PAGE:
Got a Hungry Heart?

Posted: May 2, 2014 in World On The Edge

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No, this is not a plea for a book sale, although if you’d like to check out my novel, A Hunger in the Heart, it’s here:http://www.amazon.com/Hunger-Heart-Kaye-Park-Hinckley/dp/1939627079/ref=sr_1_1?ie=UTF8&qid=1398774636&sr=8-1&keywords=A+Hunger+in+the+Heart

My blog today, however, does have a similar theme in that each of us is after ‘something’ in our lives. We may think of our wants as simple desires,  a goal—-a thing or situation that we strive for. To achieve a goal, one must be willing to work for it, and that means ‘to give up’ something for it.

Of course, we don’t want to give up something good to decide on something bad. But the  truth is that some of our goals are not good for us, and we know it, yet we still crave what we have in mind. We close off any interior searchlight that says–don’t do this, don’t go after this–and turn an outside light, often a superficial light, onto what we want. It won’t bother us we say. Just this once, we say.

Human behavior always begins with some desire. Don’t we need to examine those things we desire in a fuller context? Not just how they will affect us personally, but how they affect others?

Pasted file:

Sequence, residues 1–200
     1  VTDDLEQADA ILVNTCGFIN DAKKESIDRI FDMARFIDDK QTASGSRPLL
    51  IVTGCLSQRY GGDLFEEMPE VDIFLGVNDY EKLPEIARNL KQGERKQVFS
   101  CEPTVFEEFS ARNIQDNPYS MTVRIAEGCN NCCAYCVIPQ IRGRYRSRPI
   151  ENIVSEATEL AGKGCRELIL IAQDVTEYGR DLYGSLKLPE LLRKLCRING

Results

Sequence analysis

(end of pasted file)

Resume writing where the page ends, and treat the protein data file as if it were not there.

When we want something really badly, we usually don’t think first of others, we think of ourselves and our own satisfaction. What we want is ‘good’ for us–a sort of good anyway, at least for the moment.

This is how a young child thinks. I want it, and I want it now. A child isn’t mature enough to foresee complications for others. But we are supposed to be mature adults, not immature children.

One immature decision can drastically change the course of our lives, even change the kind of person we want to be.  So, shouldn’t we comb through our hungers (our goals) and keep only those we’re sure will better us?

Comments
  1. Cheryl says:

    Quite insightful. The older I get, the more easily I’m able to distinguish needs from wants, and I’ve learned that I have very few needs.

    Like

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